More importantly, I wanted to make a distinction between an experience and a means to the experience. I wanted to distinguish between empathizing,which is experiencing connection or oneness with an “other,” and empathy, which is a means to having such an experience.

Why make such a distinction?” You may ask.

We can know for ourselves when we are experiencing a sense of connection or oneness with an “other.” We can also know when we are not. In other words, an experience is something for which we can acquire empirical evidence. At the same time, such empirical evidence says nothing about what made such an experience possible. Empathy fills this gap by standing in as the what. Of course, a word isn’t the real means for having such an experience. It is a label for the means for having such an experience. So what we have in addition to empathy is many hypotheses.

For example, you may have had trouble experiencing connection or oneness with someone who said or did something that, to you, seemed stupid. But after you understood their situation, their needs, and the thought process they used to navigate their situation and fulfill their needs, you may have been able to experience connection or oneness with them. Based on this observation, you may come up with a hypothesis that says “To move from not feeling connection or oneness with an other to feeling so, we need to see things from that other person’s perspective.” This is one hypothesis often associated with empathy.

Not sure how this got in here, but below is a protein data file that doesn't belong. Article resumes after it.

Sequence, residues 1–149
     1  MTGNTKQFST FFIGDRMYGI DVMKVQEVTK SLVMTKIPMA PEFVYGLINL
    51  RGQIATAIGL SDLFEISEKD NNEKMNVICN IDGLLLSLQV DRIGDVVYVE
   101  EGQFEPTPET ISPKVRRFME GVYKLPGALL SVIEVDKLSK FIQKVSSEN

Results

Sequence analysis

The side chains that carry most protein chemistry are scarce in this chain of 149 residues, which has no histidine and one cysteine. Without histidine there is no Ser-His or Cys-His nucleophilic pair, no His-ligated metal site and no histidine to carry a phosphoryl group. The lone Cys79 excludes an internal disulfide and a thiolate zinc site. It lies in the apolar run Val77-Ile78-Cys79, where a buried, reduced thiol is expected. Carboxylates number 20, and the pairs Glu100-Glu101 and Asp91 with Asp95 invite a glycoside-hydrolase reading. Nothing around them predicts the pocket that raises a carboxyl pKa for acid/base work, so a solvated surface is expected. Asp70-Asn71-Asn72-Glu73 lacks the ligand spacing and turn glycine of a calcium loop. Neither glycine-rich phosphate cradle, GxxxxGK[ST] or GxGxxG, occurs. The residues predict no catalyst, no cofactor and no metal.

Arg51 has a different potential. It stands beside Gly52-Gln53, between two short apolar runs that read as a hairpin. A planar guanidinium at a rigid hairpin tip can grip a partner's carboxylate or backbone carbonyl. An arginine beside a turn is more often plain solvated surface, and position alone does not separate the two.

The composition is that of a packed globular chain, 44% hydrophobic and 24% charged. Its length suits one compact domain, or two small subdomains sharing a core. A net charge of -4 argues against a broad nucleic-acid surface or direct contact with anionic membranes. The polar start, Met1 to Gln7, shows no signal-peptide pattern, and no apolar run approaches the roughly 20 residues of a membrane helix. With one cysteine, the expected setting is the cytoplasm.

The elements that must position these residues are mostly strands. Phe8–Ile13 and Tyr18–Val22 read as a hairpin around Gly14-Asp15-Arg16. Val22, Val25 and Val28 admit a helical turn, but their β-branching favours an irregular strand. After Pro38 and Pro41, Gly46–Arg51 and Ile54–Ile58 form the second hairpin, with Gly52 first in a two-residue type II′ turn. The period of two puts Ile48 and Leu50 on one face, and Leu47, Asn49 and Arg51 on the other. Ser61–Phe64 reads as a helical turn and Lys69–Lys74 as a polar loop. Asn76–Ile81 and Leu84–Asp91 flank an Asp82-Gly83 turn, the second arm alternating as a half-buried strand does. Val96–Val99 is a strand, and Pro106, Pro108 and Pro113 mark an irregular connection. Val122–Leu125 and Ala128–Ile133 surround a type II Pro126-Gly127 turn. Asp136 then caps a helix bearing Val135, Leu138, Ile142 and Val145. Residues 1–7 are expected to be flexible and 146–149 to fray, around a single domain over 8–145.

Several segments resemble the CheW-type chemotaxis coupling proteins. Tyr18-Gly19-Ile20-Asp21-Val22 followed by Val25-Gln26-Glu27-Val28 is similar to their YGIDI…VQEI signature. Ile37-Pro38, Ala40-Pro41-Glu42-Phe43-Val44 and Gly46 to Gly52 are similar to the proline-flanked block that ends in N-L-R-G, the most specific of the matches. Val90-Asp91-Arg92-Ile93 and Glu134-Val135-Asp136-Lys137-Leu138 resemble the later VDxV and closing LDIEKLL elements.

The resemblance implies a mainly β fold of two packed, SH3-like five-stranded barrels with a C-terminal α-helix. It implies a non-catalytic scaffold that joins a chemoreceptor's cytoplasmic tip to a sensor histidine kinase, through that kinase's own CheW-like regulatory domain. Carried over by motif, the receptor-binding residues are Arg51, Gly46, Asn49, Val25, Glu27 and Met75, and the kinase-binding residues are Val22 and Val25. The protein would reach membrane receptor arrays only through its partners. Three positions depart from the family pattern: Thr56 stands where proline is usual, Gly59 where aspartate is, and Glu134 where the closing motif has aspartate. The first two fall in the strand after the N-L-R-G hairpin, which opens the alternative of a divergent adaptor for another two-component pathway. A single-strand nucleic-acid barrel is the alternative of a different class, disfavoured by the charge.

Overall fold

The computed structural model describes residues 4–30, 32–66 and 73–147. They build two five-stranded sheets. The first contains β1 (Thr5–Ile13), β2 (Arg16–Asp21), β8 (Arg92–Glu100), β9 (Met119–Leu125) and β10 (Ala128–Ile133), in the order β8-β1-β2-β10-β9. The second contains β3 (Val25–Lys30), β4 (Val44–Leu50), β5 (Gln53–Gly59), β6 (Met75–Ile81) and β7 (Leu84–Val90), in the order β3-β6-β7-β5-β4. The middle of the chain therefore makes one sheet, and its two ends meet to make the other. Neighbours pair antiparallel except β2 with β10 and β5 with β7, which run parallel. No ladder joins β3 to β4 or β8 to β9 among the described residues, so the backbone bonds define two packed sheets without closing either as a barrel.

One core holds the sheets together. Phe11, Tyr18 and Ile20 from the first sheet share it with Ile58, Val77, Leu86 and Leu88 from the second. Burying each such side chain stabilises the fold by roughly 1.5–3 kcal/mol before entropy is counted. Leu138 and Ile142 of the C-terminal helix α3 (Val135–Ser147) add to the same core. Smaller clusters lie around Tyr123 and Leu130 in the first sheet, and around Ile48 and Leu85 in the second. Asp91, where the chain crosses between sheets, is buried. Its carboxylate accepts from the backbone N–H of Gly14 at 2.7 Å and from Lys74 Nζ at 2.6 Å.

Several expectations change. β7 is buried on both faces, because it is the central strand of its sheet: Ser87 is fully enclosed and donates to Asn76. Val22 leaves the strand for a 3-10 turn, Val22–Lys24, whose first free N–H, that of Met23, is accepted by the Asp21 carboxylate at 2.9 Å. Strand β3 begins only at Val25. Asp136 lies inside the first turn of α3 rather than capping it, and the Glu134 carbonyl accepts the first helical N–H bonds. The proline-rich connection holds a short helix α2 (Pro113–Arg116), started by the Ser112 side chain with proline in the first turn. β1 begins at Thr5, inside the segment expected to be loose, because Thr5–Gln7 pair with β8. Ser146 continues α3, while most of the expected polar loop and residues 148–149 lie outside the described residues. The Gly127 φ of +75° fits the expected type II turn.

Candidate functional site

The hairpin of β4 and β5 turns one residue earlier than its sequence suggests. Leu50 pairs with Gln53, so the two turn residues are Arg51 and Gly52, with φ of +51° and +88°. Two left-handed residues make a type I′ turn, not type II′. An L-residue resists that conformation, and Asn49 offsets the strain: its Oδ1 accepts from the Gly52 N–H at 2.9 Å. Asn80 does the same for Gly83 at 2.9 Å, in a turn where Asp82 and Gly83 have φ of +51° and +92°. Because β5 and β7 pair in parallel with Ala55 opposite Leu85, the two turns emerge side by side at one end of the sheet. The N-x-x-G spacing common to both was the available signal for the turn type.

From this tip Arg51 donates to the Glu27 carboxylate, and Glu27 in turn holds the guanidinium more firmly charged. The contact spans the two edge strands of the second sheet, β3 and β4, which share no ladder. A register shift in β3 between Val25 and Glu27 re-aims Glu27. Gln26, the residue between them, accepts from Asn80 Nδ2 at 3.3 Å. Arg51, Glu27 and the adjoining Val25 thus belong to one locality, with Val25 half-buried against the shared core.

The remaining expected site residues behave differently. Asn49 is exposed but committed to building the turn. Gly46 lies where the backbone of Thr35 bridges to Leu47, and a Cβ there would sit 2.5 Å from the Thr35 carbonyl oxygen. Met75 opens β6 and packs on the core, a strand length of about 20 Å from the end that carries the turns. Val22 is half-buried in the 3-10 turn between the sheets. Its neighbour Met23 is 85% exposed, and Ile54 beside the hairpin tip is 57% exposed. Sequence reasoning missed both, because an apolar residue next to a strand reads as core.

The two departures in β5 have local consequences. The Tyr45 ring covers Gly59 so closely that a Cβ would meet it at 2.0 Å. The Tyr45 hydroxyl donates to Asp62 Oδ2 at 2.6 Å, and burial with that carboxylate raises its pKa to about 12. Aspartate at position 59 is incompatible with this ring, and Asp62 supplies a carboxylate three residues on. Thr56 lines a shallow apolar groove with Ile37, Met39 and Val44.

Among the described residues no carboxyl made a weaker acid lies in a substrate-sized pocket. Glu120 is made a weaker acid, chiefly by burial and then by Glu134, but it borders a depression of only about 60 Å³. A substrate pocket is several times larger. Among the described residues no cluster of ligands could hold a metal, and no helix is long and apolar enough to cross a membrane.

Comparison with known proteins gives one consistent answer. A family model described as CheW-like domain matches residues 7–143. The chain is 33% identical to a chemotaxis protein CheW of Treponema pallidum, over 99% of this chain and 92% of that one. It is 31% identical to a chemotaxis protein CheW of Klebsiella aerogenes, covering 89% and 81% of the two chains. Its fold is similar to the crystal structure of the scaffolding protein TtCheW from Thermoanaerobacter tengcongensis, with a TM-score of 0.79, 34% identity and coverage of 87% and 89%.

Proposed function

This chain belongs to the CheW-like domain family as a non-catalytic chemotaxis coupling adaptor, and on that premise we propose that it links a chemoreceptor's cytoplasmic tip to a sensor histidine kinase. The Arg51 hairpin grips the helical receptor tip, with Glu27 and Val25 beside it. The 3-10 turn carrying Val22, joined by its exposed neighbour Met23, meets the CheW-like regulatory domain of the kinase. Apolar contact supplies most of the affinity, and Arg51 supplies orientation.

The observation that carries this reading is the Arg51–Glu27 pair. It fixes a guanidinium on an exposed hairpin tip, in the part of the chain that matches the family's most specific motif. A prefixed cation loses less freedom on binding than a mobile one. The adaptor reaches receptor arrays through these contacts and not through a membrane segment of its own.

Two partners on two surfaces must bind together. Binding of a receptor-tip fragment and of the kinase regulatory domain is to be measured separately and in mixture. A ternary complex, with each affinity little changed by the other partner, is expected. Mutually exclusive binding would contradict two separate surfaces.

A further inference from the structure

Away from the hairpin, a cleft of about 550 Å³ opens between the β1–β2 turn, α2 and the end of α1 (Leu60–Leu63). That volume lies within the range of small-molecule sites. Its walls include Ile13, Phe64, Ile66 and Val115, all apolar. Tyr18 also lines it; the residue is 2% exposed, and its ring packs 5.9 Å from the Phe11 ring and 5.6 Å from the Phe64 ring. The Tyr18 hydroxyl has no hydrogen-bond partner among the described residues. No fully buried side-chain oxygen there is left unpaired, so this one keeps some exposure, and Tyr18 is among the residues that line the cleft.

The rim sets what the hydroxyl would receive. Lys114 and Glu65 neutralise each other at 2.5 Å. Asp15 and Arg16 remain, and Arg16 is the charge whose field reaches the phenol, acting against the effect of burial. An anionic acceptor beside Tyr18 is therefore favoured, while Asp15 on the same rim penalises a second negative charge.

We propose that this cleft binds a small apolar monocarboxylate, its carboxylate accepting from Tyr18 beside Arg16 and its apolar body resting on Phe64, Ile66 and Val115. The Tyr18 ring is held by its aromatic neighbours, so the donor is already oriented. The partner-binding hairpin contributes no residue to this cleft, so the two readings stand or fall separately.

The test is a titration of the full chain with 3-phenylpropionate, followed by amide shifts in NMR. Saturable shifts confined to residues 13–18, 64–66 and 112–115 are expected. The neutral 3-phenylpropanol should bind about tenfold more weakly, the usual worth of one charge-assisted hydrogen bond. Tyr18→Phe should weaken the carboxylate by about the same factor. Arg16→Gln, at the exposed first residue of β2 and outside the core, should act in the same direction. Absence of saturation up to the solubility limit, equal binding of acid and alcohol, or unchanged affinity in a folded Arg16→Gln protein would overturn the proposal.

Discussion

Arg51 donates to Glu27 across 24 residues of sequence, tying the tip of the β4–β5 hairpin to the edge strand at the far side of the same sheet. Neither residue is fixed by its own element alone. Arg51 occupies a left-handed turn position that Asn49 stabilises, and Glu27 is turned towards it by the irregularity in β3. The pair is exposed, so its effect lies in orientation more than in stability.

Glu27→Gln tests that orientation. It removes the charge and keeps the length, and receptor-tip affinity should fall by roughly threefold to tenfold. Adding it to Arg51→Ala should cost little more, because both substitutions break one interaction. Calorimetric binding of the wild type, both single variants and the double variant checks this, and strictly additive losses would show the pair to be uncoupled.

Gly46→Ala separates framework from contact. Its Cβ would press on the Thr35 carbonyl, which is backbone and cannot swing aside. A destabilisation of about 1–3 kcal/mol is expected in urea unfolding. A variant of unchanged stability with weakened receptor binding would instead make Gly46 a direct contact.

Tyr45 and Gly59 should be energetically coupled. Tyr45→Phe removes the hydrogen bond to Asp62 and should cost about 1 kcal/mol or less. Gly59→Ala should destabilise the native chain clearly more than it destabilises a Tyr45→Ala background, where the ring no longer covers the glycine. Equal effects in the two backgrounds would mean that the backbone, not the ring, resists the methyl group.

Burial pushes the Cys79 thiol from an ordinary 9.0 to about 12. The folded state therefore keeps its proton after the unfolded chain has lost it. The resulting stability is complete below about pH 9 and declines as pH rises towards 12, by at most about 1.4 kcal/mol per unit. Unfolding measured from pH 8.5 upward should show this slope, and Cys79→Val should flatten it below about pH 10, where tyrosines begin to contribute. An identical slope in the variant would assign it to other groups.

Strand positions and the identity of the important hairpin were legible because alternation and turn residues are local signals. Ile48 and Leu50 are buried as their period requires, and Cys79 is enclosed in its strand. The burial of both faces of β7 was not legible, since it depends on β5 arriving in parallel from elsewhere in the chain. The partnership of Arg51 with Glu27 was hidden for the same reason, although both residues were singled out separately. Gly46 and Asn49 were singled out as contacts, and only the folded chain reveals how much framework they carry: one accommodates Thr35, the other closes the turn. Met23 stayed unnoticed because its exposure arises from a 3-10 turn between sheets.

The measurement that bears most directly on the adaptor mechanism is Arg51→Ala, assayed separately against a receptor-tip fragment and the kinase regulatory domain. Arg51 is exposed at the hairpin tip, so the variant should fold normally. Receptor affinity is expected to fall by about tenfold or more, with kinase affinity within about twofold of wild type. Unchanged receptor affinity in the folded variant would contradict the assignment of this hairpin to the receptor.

On the other hand, you may have also had an experience where you felt connected or at one with someone, yet you did not see anything from their perspective. Instead, it was something about the way they listened to you that helped you feel connected or at one with them. Based on this observation, you may come up with another hypothesis that says “To move from not feeling connection or oneness with an other to feeling so, we need to be listened to by them in a particular way.” This is another hypothesis often associated with empathy.